OpenAI’s developer keynote was exciting, both because AI was exciting, and because OpenAI has the potential to be a meaningful consumer tech company.
The key to understanding Amazon’s purchase of Whole Foods is to understand that Amazon didn’t buy a retailer: the company bought a customer.
Money is made at chokepoints, and the most valuable chokepoints are operating systems; Amazon has built exactly that with Alexa.
What is artificial intelligence? Is it really any different than technology? In my estimation machine learning is truly something new, and the effects on society will be significant.
Given the success of existing companies with new epochs, the most obvious place to start when thinking about the impact of AI is with the big five: Apple, Amazon, Facebook, Google, and Microsoft.
«This seems very well suited to AI: yes, generation may have marginal costs, but those marginal costs are drastically lower than a human»
Jeff Bezos is retiring, and will go down as one of the great CEO’s in tech history, in part because of how he transformed Amazon into a tech company in every respect.
Google A/I suggests that AI is a sustaining innovation for all of Big Tech; that means the real battle will be between incumbents and Big Tech on one side, and open source on the other.
Mapping the technology adoption curve to ideas gives insights as to which business models work on which parts of the addressable market.
Dollar Shave Club is a textbook example of how the new Internet economy will destroy value in incumbent industries.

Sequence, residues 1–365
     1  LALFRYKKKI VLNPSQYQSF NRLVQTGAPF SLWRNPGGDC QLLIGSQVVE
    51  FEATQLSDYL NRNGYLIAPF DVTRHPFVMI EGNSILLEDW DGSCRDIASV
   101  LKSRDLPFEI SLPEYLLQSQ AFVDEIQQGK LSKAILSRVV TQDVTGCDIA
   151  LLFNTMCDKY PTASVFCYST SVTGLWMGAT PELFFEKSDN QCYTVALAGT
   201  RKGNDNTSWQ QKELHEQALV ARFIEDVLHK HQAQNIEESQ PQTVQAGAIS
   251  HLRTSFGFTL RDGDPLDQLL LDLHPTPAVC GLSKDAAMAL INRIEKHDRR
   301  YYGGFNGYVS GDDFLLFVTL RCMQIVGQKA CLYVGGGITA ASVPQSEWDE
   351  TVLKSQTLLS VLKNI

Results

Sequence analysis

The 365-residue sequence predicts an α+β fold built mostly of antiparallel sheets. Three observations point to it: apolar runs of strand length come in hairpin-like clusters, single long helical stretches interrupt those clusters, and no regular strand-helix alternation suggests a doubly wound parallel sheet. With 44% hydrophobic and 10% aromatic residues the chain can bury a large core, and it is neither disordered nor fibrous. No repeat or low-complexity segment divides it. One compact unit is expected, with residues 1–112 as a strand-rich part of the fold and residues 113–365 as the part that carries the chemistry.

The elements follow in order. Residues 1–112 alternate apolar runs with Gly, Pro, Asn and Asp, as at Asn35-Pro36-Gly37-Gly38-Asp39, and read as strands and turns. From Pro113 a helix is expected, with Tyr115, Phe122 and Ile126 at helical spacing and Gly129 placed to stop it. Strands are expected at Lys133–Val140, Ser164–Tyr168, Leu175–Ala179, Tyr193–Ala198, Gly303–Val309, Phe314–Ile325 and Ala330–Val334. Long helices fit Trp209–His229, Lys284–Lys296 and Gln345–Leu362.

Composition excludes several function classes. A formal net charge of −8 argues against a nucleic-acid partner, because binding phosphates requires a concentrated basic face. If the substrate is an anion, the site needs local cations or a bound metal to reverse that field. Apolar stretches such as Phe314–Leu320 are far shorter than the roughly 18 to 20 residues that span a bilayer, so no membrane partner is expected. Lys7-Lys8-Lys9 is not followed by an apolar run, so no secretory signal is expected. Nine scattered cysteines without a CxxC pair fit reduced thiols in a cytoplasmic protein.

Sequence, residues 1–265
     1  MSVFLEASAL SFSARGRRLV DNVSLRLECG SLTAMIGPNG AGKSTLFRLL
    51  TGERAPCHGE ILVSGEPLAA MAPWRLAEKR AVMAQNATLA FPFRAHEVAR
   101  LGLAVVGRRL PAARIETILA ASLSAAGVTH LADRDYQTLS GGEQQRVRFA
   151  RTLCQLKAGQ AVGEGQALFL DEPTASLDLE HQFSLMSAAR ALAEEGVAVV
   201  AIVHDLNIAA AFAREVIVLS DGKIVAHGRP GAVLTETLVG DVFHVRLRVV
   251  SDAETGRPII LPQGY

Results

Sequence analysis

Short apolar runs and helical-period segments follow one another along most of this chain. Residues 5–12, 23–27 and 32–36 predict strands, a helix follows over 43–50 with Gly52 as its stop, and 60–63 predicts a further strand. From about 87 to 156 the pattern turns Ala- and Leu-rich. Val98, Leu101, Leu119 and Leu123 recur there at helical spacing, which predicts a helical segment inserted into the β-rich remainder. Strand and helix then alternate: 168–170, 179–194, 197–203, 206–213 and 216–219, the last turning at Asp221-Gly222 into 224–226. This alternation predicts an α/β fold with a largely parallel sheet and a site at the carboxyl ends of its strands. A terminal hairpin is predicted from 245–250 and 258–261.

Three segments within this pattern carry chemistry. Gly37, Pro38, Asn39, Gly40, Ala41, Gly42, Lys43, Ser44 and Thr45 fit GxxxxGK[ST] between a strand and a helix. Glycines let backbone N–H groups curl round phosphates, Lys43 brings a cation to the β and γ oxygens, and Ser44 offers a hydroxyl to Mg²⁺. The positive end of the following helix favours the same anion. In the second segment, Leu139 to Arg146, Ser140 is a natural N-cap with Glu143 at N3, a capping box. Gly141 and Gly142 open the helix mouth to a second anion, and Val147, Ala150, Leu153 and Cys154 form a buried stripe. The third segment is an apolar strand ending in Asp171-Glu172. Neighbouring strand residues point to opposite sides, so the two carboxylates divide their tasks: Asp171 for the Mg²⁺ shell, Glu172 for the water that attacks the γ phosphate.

Facebook has long had too much power, but Mark Zuckerberg’s expressed willingness to use said power for political ends means it’s time to consider countermeasures.
Facebook’s reorganization into Meta is the ultimate bet on the power of founder control.
«Meta’s vision, to be clear, is that one ought to be able to access the metaverse from anywhere, including your phone, computer, AR glasses, and of course a VR headset.»
Defining the Metaverse, and explaining why Microsoft is well-placed for the virtual reality opportunity
«A future VR headset, though, could contain as many monitors as you could possibly want — or your entire field of view could be one massive monitor. Moreover, the fact that a headset shifts your senses out of your physical environment is actually an advantage if said physical environment has nothing to do with your work.»
Meta deserves a bit of a discount off of its recent highs, but a number of myths about its business have caused the market to over-react.
Podcasting is stuck between the open model of the past and the push for monetization in the future. Might there be a third way that actually benefits publishers?
Spotify is making a major move into podcasts, where it appears to have clear designs to be the sort of Aggregator is cannot be when it comes to music.
Spotify has a marginal cost problem, but while the cause is unique to Spotify, the challenges are more applicable than it seems.
The original definition of Aggregation Theory emphasized the importance of commoditized supply; that makes Spotify more of an Aggregator than Netflix
Zero Trust Networking is security with Internet assumptions; there is tremendous value if we apply the same approach to information.